BANGKOK: Thailand’s junta won approval from the king Tuesday for an interim constitution mapping out year-long political reforms expected to curb the influence of fugitive ex-premier Thaksin Shinawatra.
It was the first time the revered but ailing King Bhumibol Adulyadej, 86, has granted an audience to coup leader General Prayut Chan-O-Cha since the military seized power two months ago. “General Prayut met His Majesty the King, who has endorsed the interim constitution,” said deputy army spokeswoman Colonel Sirichan Ngathong. Prayut has ruled out holding elections until around October 2015, despite appeals from the United States and the European Union for a return to a democratic path.
The interim constitution, when published, is expected to give an indication of how the military plans to run the country and overhaul the political system, although the main changes are expected to come later in a permanent charter. The May coup was the latest chapter in a long-running political crisis broadly pitting Thaksin’s billionaire family and its supporters against a royalist establishment backed by parts of the military and judiciary.
“The goal is to utterly destroy the influence of Thaksin,” said Paul Chambers, director of research at the Institute of Southeast Asian Affairs in Chiang Mai. “But a military government and new reactionary constitution will instead tend to build sympathy and more support for Thaksin from rural and impoverished Thais.” He said the kingdom’s arch-royalists would have to use tactics such as “gerrymandering on a massive scale” to prevent another election victory by a pro-Thaksin party.
The army chief seized power after nearly seven months of protests saw 28 people killed and paralysed the government of former prime minister Yingluck Shinawatra, who is Thaksin’s sister, and her Puea Thai Party. The junta, which has curtailed civil liberties, has said it plans to share power with a new interim government, with the military retaining control of national security. The new cabinet is expected to be picked by a junta-appointed national assembly which observers anticipate will be broadly subservient to the military. The reforms could result in the lower house of parliament becoming partially appointed, like the upper house, said Kan Yuenyong, executive director of the Siam Intelligence Unit think-tank.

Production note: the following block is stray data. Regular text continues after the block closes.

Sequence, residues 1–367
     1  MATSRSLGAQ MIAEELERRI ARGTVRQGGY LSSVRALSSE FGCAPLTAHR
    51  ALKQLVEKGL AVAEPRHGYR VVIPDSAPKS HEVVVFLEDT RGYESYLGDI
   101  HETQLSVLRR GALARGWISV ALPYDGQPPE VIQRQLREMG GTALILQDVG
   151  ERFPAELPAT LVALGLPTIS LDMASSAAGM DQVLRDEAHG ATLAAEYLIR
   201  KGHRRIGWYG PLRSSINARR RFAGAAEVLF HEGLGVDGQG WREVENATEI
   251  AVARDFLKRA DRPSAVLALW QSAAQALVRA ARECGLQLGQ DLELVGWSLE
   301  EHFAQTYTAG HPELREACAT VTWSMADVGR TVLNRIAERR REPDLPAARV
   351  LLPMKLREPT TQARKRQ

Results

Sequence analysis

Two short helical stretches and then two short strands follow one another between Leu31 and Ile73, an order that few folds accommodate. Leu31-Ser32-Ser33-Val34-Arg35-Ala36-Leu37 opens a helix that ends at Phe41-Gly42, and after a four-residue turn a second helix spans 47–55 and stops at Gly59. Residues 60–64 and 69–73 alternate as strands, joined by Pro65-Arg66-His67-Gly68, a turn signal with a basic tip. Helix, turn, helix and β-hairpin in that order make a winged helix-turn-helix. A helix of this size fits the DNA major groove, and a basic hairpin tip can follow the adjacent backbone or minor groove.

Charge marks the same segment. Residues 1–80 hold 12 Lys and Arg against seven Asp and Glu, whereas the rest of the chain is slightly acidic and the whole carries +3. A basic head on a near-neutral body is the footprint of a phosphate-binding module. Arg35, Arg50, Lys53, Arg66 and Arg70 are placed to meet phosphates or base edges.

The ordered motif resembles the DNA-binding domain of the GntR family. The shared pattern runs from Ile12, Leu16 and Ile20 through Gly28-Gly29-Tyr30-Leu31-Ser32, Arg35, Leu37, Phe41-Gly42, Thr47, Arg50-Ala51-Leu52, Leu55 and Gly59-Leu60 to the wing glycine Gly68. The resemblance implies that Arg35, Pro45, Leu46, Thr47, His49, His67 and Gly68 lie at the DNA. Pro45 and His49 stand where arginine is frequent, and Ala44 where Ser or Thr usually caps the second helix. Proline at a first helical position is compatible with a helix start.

“The conservatives know that if they let a normal election happen again, the Puea Thai Party and Yingluck maybe can win another landslide,” he told AFP. He said the new constitution could also include an amnesty for the coup-makers. But Kan added that there was also “a lot of political conflict within the conservatives themselves”, so it was unclear how radical the reforms would be. The junta chief received approval from the king — the world’s longest-serving monarch — to run the country days after the May 22 coup.
On that occasion he did not meet Bhumibol, who has lived at his seaside palace in the resort of Hua Hin south of Bangkok since leaving hospital in August 2013 after almost four years. Some see the long-running crisis as a struggle over who will hold the reins of power when Bhumibol’s more than six decades on the throne eventually end. The army said the takeover was necessary to restore order. But critics accuse the junta of using political unrest as an excuse to purge Thai politics of Thaksin’s decade-long dominance.
The populist politician, who was seen by his opponents as a threat to the monarchy, was ousted by royalist generals eight years ago and lives in Dubai to avoid a jail term for corruption. Yingluck was last week given permission by the military to travel overseas for the first time since the coup. She is expected to attend Thaksin’s 65th birthday party on July 26 in France, but has vowed not to flee into self-exile. Since taking power, the junta has imposed martial law, banned public rallies, censored the media and summoned several hundred people for questioning.
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